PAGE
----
Guest Author - Rev. Jaclin Meade Scott
The title question that prompts this article was sent in by a reader. It prompts kudos for the person even thinking about doing that.
The seriously ill and dying get to be quite lonely at the end. Itís human nature to avoid such situations. We like things very neat and fresh smelling. The fear that a visit may not be so can be numbing. Mostly, though, itís our own fear of our mortality. People really should get over themselves and tough it out. To be with someone on that final journey is a very, very holy time. Ask anyone who has done it.
Remember back in the day that no one would have thought to attend a birth, even if it had been allowed? Now the videos are up on the internet. Many regret missing the births they did, and are grateful to be part of this miracle. Some day, please God, it will be so for dying.
Back to the question. What to talk about?
If your friend is still responsive, the greatest gift is your time. To have you listen is so meaningful. To have you not shy away from ANY subject your friend brings up is a miracle. They need to talk about their situation. They may want your opinion on some things. Others have rejected the subject matter. In turn, your friend has felt rejected. So the unconditional friendship you can show liberates them, calms them, and they really, really appreciate it.
You will never be the same.
If your friend is unresponsive, then do chat, quietly, slowly. Please, turn off the television unless it is their favorite program. Itís quite irritating. Any topic is okay, but try to focus on the personís interests. Talk about church, their favorite team. Read the newspaper to them. Recall favorite times together. Hearing is the last sense lost, so this is a marvelous opportunity. Donít hesitate to express your feelings. Hereís a partial list of suggestions:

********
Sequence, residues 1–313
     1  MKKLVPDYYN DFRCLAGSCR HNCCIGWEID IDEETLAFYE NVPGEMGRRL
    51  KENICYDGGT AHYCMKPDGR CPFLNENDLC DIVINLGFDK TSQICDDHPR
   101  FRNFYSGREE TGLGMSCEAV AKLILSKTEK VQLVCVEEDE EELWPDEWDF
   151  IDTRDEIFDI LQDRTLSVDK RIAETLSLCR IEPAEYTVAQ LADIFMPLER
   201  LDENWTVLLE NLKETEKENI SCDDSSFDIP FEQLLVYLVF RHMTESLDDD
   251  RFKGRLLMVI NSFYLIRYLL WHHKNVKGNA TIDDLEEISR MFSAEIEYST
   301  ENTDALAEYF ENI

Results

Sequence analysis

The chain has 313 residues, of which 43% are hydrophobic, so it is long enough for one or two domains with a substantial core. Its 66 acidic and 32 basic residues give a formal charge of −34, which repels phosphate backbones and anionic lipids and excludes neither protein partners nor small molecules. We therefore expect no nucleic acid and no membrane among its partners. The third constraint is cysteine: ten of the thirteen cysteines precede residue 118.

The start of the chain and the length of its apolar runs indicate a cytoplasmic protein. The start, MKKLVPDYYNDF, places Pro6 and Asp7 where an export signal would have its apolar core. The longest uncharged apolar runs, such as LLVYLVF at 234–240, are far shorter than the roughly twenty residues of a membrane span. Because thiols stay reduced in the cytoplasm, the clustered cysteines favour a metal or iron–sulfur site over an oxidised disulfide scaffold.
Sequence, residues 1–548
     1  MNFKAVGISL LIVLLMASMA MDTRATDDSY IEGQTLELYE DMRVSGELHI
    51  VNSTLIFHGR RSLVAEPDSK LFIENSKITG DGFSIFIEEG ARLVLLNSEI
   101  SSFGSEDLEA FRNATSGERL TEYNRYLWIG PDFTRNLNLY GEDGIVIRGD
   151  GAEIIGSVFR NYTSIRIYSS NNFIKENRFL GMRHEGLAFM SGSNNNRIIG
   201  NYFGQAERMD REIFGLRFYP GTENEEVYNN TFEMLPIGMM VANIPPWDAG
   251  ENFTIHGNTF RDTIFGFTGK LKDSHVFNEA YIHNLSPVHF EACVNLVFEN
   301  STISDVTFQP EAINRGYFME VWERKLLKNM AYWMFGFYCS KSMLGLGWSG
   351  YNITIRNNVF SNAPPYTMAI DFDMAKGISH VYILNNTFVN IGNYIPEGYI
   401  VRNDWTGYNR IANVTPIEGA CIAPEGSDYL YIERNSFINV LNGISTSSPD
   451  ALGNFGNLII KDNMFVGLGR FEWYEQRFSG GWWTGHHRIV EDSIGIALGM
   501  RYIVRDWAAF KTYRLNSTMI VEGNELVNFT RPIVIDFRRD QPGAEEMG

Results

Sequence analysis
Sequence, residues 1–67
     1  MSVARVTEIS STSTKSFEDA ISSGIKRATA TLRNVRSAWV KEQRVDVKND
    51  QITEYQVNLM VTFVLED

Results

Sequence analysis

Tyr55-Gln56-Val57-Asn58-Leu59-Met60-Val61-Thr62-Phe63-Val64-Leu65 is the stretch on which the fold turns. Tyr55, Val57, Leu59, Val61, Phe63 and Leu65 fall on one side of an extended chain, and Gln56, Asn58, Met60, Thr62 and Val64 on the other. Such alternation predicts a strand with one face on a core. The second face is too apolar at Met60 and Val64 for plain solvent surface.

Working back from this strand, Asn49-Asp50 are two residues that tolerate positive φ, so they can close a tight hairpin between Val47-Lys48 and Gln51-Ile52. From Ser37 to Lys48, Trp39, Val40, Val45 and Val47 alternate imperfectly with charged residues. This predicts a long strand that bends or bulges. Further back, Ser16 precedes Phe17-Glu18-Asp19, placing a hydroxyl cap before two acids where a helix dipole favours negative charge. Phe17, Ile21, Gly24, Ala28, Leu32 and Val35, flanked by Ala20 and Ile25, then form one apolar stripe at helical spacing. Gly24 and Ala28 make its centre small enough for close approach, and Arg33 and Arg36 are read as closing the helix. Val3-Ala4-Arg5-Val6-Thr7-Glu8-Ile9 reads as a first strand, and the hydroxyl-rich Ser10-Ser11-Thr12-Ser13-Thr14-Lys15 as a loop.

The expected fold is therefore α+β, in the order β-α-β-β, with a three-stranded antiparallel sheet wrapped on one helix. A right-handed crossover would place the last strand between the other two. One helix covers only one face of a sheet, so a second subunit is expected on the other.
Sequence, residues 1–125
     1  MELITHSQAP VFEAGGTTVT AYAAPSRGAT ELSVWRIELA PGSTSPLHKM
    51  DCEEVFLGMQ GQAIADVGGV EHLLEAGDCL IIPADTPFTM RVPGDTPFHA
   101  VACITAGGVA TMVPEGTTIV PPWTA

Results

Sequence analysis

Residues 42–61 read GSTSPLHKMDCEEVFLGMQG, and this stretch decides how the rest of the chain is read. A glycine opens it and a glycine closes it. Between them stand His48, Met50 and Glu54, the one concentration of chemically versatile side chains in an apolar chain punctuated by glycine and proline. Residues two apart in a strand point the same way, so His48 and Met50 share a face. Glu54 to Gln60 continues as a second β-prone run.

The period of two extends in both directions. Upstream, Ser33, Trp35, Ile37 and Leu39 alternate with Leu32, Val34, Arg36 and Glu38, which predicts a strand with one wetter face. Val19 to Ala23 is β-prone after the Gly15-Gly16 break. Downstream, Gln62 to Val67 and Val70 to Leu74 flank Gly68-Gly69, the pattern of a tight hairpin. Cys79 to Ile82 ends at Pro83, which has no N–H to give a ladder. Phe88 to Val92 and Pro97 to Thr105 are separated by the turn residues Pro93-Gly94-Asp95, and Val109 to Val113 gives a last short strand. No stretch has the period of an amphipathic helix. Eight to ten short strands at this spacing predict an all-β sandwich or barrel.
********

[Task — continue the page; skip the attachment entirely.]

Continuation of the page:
Play their favorite music
Read to them something theyíd enjoy Ė a religious book, a humor writer, newspaper, a magazine
Go through photos, tell what you see, and how it relates to them
Bring your needlework
Sort through your recipes while talking about them
Read their mail to them
Moisten their lips
Lotion arms and hands, using care around IVs
Touch is very important at a time like this. Your hand gently rubbing the back, resting lightly on a shoulder, softly touching an arm. If the person is unresponsive, handholding is encouraged. Moistening the lips, a cool cloth on the face Ė all little things that are usually so welcome.
Blessings upon you for doing this. You are brave and wonderful. Share your experiences with others when you are ready. As more people regain this holy part of life, we get closer to